13. #13
    Power Poster dunster's Avatar
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    Quote Originally Posted by feline fanatic View Post
    I have worse news for you. On some brands of LA that stuff can travel up your needle bar and gunk things up in there as well. If you don't have access to take it all apart and clean it out you may have to bring it in for a servicing. Last year I was having issues with mine, (not a sit down machine) and tech support thought glue from fusible applique had mucked things up in the needle bar, apparently it has happened to a lot of users. That wasn't my issue but in the troubleshooting process, the manufacturer (tech support) had me buy a gun cleaning kit for a .22. I had to remove the needle bar and ream out the area using the gun cleaning tool/reamer completely saturated with oil (sorry I can't remember if he just had me use my machine oil or the special oil in the gun cleaning kit) used to clean out a barrel of a gun. So you may be able to clean out your bobbin area using machine oil or the oil for cleaning guns. You can probably pick it up at any sporting goods place or if you have hunters in your family they would surely have it (or should anyways). Most LA manufacturers have phone support. I would call.

    Feline, the tech (actually Michael) thought I had the same issue, so I bought the gun kit, did the cleaning. But I had never used any of the spray products, or applique glue. I was quilting on batiks and was told that batiks or white-on-white (WOW) fabric can cause the needle bar to get gummed up. Actually it turned out that I had a different problem. I loosened a belt in the back of the machine, and then everything ran fine.

  14. #14
    Power Poster Jingle's Avatar
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    I don't have a long arm nor sit down quilting machine and I never sew anything with any sort of adhesive.
    I only baste with large safety pins. For applique I use washable Elmer's school glue dried with my iron. Not much applique either.
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  15. #15
    Power Poster sewbizgirl's Avatar
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    Thanks for the responses and ideas. Sorry I didn't spell out Sit Down! My error. You also need to sandwich if you have a little foot frame for your longarm.

    I do like Rob and spray very minimally and also pin with safety pins. And I always let the quilts dry. Maybe it's because I run so many of them through that machine....

    Feline, the scenario you painted sounds like one huge PITA. The last spray glue quilt is done and I will never use it again.

    I will clean as well as I can, but I can't get in where I need to really well. I think the machine will have to be professionally broken down and de-gunked. Bummer.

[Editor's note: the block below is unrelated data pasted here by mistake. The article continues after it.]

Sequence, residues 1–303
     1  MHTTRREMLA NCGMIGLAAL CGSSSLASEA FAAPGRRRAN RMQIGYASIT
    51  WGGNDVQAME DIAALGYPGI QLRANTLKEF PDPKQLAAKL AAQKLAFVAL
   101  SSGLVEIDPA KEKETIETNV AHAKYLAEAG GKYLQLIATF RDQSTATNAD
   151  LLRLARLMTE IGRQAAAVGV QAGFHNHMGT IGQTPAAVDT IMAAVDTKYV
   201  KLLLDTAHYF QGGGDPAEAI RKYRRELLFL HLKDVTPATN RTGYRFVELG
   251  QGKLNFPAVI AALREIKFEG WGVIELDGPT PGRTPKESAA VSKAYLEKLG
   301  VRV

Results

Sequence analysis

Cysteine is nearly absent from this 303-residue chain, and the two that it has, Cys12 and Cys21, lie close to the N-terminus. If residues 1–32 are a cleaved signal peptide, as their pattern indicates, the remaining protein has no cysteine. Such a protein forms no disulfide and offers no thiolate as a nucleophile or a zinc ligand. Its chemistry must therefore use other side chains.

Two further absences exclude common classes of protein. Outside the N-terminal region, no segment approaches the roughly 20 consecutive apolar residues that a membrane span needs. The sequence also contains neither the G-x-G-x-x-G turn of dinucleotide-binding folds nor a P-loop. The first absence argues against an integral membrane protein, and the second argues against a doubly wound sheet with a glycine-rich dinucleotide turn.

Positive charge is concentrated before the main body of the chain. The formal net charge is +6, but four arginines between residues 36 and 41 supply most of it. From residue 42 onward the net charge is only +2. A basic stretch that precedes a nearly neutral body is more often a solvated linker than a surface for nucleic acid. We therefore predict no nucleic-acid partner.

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  16. #16
    Power Poster Onebyone's Avatar
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    There is product called UnDo. It is non toxic and won't harm photographs stuck to glass frames as it removes them. It's now sold in a small bottle for the public instead of by the drum or gallon. Walmart has it but it's hard to find, could be any dept. It removes stickers, bumper stickers, gum, adhesives, anything stuck. It evaporates and leaves no residue. I keep a bottles in the kitchen, my sewing room, and in the laundry room. Don't buy the one labeled can be sold in CA. I tossed that one, it just wasn't as good. https://www.un-du.com/Products.html
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  17. #17
    Power Poster sewbizgirl's Avatar
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    Thanks, 1x1! That sounds like just the stuff. Hope I can find it locally. If not, thanks for the link to order.
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  18. #18
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    You could still spray baste, just don't do it near the machine.

  19. #19
    Power Poster sewbizgirl's Avatar
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    Quote Originally Posted by sewvicki View Post
    You could still spray baste, just don't do it near the machine.

    Good one, Vicki!
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  20. #20
    Super Member SusieQOH's Avatar
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    SBG, sorry about your troubles. Hope it's an easy fix!!
    I had to scroll down because I didn't know what a SD was Now I do!

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    You might want to consider nail polish remover or acetone. The remove the tape residue on the skin after surgery, we use acetone. I am guessing that if it is safe for the skin, it probably will be ok for the metal?
    Thanks for asking. Karen

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    I am sorry you are dealing with this and I appreciate your bringing this to the attention of the rest of us. Basting spray is convenient, but not if it is going to cause damage.
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    Quote Originally Posted by dunster View Post
    I was quilting on batiks and was told that batiks or white-on-white (WOW) fabric can cause the needle bar to get gummed up.
    I am using white on offwhite in a quilt I'm making now so I'm glad to see this. It's obviously some kind of paint, but I guess I thought that they'd be sure that whatever they used was safe for sewing machines. Not cool that it isn't.

  24. #24
    Power Poster Onebyone's Avatar
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    The white on white is common fabric has a coating used for the pattern on a white background. Look at the white on white really close up. You can feel and tell the vinyl like coating. It will cause problems when sewing through for many especially long armers. If the pattern motif is woven as part of the fabric then you hit pay dirt, buy the whole bolt.
    Last edited by Onebyone; 05-11-2019 at 06:26 AM.
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  25. #25
    Super Member tuckyquilter's Avatar
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    what I said was never, ever use Sullivans Spray Baste. I tried to save money and it was the biggest mess I've ever encountered. Ended up having to wash the quilt in order to get the stitching out before I could finish quilting. My LA gal uses spray basting along the edges of quilts.
    Last edited by QuiltnNan; 05-11-2019 at 01:49 PM. Reason: remove comments on moderation